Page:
Wednesday, June 20, 2007

Good People, Bad People and Religion

The Lina Joy case has resulted in a whole outpouring of opinions, emotions, sentiments, etc. among ordinary Malaysians. Even among Muslims there is a great divide of convictions, as letters like this and this to malaysiakini testify. Farish A. Noor has his say in this article titled "We are not a tribe called Muslims" at his blog. Marina Mahathir has written about Karen Armstrong and her recent talk in K.L. some of the issues that now exist globally that have lead to the so-called clash of civilisations in which Ms. Armstrong says that "Religion is hard to well". Food for thought. Steven Weinburg, 1979 Nobel Peace Prize winner (Physics) as quoted in the NY Times in 1999 is more blunt:

With or without religion, you would have good people doing good things and evil people doing evil things. But for good people to do evil things, that takes religion.
It's a confusing state of affairs - this Good People, Bad People and Religion. What's more appalling is the fact that the troubles in this context are mostly caused and felt by the so-called "People of the Book" or as the Muslims call it, the "Abrahamic Religions". If we who are Jews, Muslims and Christians truly believe that Abraham is our common ancestor, and this God whom we believe in is the One True God, then we are surely going about realising that in a strange way indeed!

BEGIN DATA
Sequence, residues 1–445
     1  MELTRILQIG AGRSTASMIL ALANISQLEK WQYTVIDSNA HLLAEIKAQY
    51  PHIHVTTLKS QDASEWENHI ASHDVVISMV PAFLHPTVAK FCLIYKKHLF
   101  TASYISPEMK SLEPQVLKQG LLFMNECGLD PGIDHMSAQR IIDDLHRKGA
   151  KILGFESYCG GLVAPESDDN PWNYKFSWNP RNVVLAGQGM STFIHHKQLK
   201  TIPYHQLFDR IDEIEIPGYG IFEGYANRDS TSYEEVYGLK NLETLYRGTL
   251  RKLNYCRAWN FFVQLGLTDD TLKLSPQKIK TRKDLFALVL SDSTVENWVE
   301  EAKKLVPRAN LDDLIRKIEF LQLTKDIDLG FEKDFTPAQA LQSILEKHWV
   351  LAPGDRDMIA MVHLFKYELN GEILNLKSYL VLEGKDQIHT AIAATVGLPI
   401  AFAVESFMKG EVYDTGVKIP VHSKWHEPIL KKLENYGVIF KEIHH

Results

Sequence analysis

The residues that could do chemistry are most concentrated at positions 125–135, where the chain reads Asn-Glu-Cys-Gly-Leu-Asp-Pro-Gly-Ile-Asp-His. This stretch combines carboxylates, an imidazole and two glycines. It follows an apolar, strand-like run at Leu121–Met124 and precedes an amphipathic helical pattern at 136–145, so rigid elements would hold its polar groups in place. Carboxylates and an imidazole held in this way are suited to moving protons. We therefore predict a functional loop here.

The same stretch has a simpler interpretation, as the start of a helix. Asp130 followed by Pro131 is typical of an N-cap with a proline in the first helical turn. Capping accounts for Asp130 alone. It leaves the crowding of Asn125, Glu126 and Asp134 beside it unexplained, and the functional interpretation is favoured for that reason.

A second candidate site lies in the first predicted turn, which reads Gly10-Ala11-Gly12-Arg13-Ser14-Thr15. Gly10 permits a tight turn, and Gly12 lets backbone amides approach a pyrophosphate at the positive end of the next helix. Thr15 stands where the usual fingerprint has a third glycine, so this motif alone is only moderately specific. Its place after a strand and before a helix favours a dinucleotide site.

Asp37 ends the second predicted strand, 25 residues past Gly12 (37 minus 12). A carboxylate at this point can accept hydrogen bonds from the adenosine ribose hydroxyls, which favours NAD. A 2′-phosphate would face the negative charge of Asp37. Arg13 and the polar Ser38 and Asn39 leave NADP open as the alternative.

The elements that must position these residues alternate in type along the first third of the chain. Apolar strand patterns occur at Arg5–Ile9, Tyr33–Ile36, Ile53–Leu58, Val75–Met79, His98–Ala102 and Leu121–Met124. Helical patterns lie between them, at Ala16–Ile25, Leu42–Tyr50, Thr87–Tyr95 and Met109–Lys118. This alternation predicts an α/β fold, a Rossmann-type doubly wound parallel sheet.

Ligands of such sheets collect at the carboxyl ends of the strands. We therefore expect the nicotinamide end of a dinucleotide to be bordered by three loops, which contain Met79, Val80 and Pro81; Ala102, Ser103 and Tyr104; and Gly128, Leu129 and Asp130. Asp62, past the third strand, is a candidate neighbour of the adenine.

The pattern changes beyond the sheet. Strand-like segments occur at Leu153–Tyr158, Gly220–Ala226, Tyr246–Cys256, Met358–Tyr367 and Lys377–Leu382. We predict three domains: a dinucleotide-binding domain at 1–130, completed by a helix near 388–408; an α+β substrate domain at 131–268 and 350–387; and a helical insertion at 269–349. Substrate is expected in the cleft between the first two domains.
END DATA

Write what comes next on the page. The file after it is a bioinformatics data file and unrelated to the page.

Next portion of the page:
Henri Nouwen in his book "Bread for the Journey" offers hope in seeing beyond our narrow definitions:

"How does the Spirit of God manifest itself through us? Often we think that to witness means to speak up in defense of God. This idea can make us very self-conscious. We wonder where and how we can make God the topic of our conversations, and how to convince our families, friends, neighbours and colleagues of God's presence in their lives. But this explicit missionary endeavour often comes from an insecure heart and therefore easily creates divisions.

The way God's Spirit manifests itself most convincingly is through its fruit: "Love, Joy, Peace, Kindness, Patience, Goodness, Trustfulness, Gentleness and Self Control" (Galatians 5:22). These fruit speak for themselves. It is therefore always better to raise the question "How can I grow in the Spirit?" than the question "How can I make others believe in the Spirit?".

Maybe then, we will have less good people committing bad religion. Maybe.